Linguistic tangent aside, what Montgomery does here in six chapters is discuss a plethora of botanical research and conclude with life lessons that we could draw from it. Thus, the fact that plants are rooted in place and need to carefully monitor their environment at all times has taught Montgomery "the importance of intentional self-reflection, or the equivalent of taking time to perceive my environmental conditions" (p. 30). She marvels at how some plants can form synergistic relationships when grown together, paying particular attention to the so-called Three Sisters garden. This is a Native American cultivation practice of planting corn, beans, and squash together. Each plant helps the others thrive by offering protection or structural support. Montgomery finds inspiration in this practice to try and shape her commitments and activities into a synergistic whole, rather than seeing them as mutually exclusive tasks that compete with each other for her time and attention.

    The language and ideas employed here made me think of the glut of mindfulness books that have been published in recent years. Whether Montgomery's lessons will resonate with you no doubt depends on whether such books appeal to you. It is a genre that normally annoys rather than inspires me, but there was one lesson here that I could strongly relate to from my experience as a student. Asks Montgomery: when we care for a plant and it fails to thrive, do we blame the plant? No, we try and find out how to adjust its environment so it flourishes. How different is our approach when it comes to e.g. mentorship or supervision. Poor outcome here often leads to us judging the individual we are supposed to look after. Yep, been there.

    Now, before anyone draws the wrong conclusion, Lessons from Plants is not a self-help book dressed in green. Her lessons are a minor facet and most of the book consists of her regaling the reader with the latest botanical research. She enjoys this so much that fully a quarter of the book is given over to footnotes with references to all the studies that she mentions. I found this part to be particularly enjoyable.

    Thus, plants may not be able to move away from adverse environments the way animals can, but they have another trick up their sleeve: phenotypic plasticity. They can drastically alter for instance their biochemistry, physiology, or morphology to cope better. They can grow taller to reach sunny spots or change the ratio of photosynthetic enzymes in response to different light regimes. They can tell apart self from non-self through the release of volatile organic compounds. They can transform their environment by for example liberating trapped nutrients or changing soil chemistry and consistency. That last one is most dramatically shown in pioneering species: the first wave of plants to colonise an environment devastated by a disaster, such as happened after the volcanic eruption of Mount St. Helens or in the exclusion zone around Chernobyl.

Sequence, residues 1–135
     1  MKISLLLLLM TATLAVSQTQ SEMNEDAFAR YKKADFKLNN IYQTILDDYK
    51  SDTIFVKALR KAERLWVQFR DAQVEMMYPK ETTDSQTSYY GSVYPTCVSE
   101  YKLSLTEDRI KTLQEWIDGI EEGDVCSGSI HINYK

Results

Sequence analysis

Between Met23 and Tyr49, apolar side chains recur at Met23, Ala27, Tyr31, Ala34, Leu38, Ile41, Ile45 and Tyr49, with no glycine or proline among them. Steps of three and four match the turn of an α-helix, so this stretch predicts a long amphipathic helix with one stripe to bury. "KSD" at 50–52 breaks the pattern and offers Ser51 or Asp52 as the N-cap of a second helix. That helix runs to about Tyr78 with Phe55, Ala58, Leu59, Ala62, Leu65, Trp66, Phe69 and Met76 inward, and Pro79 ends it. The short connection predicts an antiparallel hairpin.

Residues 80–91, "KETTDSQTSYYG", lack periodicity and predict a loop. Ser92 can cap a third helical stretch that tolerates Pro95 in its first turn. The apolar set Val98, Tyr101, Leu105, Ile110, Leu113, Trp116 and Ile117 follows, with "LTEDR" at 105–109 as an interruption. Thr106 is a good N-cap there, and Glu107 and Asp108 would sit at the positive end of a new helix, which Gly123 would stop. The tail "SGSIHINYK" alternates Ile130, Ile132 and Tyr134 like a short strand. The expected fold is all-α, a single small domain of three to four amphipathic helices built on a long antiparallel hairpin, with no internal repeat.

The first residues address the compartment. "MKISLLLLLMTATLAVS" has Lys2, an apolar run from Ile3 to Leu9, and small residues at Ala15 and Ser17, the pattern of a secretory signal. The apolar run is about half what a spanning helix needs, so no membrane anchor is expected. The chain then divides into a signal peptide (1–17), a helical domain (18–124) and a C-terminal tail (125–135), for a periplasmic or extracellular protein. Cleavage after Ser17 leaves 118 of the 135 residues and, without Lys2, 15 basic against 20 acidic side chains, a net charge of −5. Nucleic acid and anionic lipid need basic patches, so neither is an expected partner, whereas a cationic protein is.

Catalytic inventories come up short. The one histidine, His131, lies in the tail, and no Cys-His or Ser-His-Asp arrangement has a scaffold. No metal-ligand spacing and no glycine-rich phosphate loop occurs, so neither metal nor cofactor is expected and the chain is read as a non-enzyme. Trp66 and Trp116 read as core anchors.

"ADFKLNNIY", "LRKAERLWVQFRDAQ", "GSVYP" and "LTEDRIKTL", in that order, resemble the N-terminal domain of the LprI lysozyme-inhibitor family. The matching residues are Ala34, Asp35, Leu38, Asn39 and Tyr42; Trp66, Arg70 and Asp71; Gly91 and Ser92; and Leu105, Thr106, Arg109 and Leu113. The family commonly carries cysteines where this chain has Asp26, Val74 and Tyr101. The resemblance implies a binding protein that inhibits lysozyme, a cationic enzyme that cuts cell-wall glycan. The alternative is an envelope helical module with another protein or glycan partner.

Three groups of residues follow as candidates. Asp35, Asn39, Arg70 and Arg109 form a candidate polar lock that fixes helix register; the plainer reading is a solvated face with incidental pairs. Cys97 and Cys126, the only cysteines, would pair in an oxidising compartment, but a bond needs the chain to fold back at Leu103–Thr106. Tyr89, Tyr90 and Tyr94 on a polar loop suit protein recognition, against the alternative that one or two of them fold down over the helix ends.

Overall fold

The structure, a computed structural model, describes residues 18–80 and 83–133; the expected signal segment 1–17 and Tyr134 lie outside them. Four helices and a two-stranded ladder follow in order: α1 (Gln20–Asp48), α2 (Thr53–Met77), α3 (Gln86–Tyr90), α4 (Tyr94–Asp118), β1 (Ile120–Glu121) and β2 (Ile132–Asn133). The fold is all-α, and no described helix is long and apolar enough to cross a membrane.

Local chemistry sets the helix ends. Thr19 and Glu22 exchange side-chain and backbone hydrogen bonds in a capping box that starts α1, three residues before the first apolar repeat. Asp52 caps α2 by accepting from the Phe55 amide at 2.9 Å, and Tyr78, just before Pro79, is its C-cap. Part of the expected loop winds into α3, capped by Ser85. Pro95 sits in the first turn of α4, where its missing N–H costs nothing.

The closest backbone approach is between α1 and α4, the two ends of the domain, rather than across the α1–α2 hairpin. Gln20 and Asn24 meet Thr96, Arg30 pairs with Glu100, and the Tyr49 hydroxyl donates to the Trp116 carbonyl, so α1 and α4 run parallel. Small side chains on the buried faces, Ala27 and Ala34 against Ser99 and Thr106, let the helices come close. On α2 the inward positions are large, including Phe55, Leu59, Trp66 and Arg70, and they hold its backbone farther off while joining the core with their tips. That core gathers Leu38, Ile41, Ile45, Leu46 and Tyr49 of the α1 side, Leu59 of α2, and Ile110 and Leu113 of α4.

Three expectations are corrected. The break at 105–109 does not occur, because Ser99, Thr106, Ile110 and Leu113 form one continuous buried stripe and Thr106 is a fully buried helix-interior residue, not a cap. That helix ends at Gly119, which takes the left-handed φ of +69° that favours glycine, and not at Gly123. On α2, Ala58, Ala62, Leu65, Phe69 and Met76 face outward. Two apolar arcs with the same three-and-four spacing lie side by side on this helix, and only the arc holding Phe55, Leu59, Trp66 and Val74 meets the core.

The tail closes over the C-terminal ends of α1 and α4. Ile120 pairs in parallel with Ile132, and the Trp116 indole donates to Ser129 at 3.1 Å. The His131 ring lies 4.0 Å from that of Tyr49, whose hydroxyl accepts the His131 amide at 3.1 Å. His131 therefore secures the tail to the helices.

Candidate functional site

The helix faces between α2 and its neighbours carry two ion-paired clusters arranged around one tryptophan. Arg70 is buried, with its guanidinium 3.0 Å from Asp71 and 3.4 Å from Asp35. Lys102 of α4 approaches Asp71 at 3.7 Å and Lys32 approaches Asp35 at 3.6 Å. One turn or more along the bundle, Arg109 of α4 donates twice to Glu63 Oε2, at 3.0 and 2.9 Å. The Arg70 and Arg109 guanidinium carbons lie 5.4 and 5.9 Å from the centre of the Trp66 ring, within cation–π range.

This book would be incomplete if it did not ask whether plants have intelligence. Montgomery discusses research that shows plants capable of for instance memory formation, risk analysis, and behaviour (if that is defined as modifying decisions in the face of information gathered from their environment). But how do plants do this without the kinds of organs that animals have? Montgomery does not mention Stefano Mancuso's mind-blowing insight served up in The Revolutionary Genius of Plants. He argued they do this by distributing vital functions throughout their body in a diffuse fashion rather than concentrating them in organs, which coincidentally makes them virtually indestructible.

    The other topic that prominently featured is the underground symbioses plants form with microbes and fungi. Especially the network of threads formed by fungi – mycelium – allows plants to exchange nutrients and information, a notion popularised as the Wood Wide Web. Some researchers, notably Suzanne Simard, evocatively talk of mother trees supporting younger trees via nutrient transport between them. My impression is that quite a few scientists are sceptical of such interpretations, which is not discussed here. I will, on that note, prominently mention Merlin Sheldrake's criticism in Entangled Life. He calls these metaphors very plant-centric and points out that mycorrhizal networks are not all about "sharing and caring".